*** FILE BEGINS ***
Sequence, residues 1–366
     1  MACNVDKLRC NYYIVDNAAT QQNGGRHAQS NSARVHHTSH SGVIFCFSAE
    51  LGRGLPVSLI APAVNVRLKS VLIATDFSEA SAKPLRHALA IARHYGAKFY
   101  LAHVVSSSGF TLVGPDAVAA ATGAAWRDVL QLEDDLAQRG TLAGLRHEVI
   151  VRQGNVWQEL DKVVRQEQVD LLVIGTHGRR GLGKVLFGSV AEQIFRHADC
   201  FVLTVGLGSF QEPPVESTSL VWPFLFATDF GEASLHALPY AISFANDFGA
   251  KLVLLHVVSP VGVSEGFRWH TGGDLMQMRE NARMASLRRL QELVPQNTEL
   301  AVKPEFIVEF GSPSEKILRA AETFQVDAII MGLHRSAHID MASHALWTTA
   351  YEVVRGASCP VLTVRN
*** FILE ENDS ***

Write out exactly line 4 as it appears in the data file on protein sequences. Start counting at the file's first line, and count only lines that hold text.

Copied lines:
   101  LAHVVSSSGF TLVGPDAVAA ATGAAWRDVL QLEDDLAQRG TLAGLRHEVI